I once heard a story of a father who gave his son a graduation gift. The father was wealthy and so the son expected to be wowed as he was completing his life’s greatest milestone thus far. The son however, was horrified when he opened his gift only to see a bible. A bible. Out of everything he could have been given, the father gave the son a bible. Consumed with anger, the son took the book and never spoke to his father again.
Years later, after the hurt and resentment dulled, the son found himself going through his old things. He came across the bible and the painful memory flashed across his mind. He opened it and inside the flap was a check big enough to buy a brand new car.
The father had given the son an extravagant gift and yet the son through it away because he didn’t know it was there. He never received the car. He lived his life not knowing the value of what he had received, the experience of receiving it or the goodness of his father who loved him.
This was almost my story. I was 24 and I walked out of mass in tears. I knew I couldn’t stay Catholic. I had grown up in a Catholic family, went mass every Sunday, prayed rosaries on road trips and attended twelve years of what I would call better than average Catholic schools. I had spent so much of my life learning the culture of Catholicism without ever learning the deep truth of the gospel. I never learned what it meant to be saved by Jesus Christ. I never learned why my faith was rational.
Can you relate?
My guess is that if you were one of the 70 million American’s raised in a Catholic home, you can relate.
What does it mean to be Catholic anyway?
Sadly, this is the majority of our stories.
Like the son in the story, we often receive the gift of our faith in the form of rules and rituals. We are taught about the Father, the Son and the Holy Spirit as if they are newer forms of old mythology. By the example of previous generations, we learned that faith is for Sunday, not to interfere with the rest of our lives. We are reared into a culture without ever being made aware of its meaning, it’s depth or its fullness.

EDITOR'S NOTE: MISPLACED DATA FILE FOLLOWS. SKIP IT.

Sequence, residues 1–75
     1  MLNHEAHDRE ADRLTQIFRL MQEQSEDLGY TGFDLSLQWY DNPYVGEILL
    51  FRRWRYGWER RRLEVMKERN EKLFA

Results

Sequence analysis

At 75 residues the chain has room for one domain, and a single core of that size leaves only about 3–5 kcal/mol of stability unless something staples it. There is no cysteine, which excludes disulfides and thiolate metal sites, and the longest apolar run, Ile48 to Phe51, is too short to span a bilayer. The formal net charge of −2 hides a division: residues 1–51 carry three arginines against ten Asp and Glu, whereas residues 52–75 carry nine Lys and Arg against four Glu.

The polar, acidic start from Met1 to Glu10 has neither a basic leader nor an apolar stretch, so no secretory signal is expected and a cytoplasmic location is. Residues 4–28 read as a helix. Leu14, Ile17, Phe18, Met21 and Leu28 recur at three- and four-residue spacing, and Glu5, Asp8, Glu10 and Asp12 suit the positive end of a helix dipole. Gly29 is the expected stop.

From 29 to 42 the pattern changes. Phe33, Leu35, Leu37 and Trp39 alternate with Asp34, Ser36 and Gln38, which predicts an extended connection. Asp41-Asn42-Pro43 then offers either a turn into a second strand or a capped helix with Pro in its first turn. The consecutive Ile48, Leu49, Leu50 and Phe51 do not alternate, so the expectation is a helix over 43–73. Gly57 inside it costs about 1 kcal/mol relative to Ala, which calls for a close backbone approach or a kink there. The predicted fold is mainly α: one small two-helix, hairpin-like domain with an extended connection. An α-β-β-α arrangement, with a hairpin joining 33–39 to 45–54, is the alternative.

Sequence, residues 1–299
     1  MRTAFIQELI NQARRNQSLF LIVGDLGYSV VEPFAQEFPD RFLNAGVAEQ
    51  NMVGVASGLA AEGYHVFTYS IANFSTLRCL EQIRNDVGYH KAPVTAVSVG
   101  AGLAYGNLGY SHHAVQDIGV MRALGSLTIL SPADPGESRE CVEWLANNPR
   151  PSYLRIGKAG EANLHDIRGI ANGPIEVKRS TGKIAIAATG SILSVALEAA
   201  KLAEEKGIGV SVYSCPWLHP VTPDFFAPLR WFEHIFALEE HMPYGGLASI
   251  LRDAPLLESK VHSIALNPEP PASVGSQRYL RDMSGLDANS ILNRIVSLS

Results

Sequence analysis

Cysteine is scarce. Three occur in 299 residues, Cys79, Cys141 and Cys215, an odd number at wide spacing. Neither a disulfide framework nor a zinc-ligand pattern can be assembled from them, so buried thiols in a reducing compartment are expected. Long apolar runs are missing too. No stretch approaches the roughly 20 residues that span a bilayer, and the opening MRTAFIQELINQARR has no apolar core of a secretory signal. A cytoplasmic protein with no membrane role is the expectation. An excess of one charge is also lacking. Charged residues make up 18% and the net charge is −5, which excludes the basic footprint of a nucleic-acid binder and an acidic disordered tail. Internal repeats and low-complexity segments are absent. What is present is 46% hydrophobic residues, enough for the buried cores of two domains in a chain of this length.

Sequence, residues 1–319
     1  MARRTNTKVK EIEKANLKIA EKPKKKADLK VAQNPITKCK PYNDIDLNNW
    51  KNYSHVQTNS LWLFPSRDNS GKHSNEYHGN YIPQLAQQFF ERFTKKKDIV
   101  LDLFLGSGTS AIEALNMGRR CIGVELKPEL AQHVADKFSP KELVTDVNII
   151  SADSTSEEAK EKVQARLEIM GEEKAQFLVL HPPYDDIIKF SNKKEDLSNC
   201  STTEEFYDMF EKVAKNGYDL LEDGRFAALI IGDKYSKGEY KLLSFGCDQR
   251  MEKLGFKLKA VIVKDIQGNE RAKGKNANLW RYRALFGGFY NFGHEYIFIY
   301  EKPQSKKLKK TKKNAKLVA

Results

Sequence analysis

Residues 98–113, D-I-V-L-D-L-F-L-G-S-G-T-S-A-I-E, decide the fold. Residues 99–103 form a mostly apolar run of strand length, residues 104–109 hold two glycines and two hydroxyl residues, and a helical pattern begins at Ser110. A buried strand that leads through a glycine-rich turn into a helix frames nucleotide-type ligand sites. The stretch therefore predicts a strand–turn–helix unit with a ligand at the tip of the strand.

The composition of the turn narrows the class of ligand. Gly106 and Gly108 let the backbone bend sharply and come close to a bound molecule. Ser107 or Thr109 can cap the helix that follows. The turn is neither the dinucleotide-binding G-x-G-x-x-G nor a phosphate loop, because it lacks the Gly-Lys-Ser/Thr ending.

We perceive that we are receiving a trinket and then our elders wonder why we don’t treat it as a treasure.
Just as I was about to walk away from my faith, I felt a tugging back. Atheism didn’t make rational sense to me but I didn’t know why the church held half of its beliefs. So I started researching. Day after day I found myself in awe and wonder as I found the answers to my questions. I could not believe I had never learned what I was learning. I couldn’t believe that the Catholic church wasn’t just trying to be unpopular but that the reasons behind the rules actually made a ton of sense if only I had the nerve to ask the question.
My friends, the most glorious, most scandalous, most challenging story ever told is the one of God created man, man giving God the finger and then God becoming a human, entering into our world and allowing himself to be killed by us to save us. He proved that perfect goodness could be lived and in doing so he defeated death itself. THAT’S RIGHT, He defeated Death! The most terrifying thing about it is all true.
I was shocked when I realized that there is evidence for the existence God in the form of the Father, the Son and the Holy Spirit as well as the devil and his minions. I learned that there are rational explanations for faith and that the stories of Christianity turning bad men into heroes are endless. But most of all, I was simply amazed to learn that I could see the world through the eyes and the mind of God.
I finally accepted that if God is real, He is the center of everything, He made everything. It isn’t just true for me; it is true. It is unsearchable, infinite; the most precious thing that exists. The trinket that I almost threw away is the most amazing treasure that I could ever find.
This is why I am beginning this journey with Inheritance. We cannot receive an inheritance that we don’t know we have. The main two stories that I hear in ministry go something like this:
1. I am 75 and I finally know what it means to be a Catholic. I wish I had learned years ago.
2. I’m catholic, I went to a catholic school and I am no longer practicing
It doesn’t have to be this way. There are answers to our questions. We don’t have to wait until we have lived our whole lives to find Jesus and His Church. We don’t have to find the gospel elsewhere. It is here, it has always been here.
St Paul says, “I pray that the eyes of your heart may be enlightened in order that you may know the hope to which he has called you, the riches of his glorious inheritance in his holy people.”
My hope for this site is to tell the story of our faith in a way that illuminates this glorious inheritance. I am hoping to do Jesus a little bit of justice by telling His story in the way that He deserves.
Please walk with me and I continue to discover and rediscover these unsearchable riches. I hope they change your life the way they have changed mine.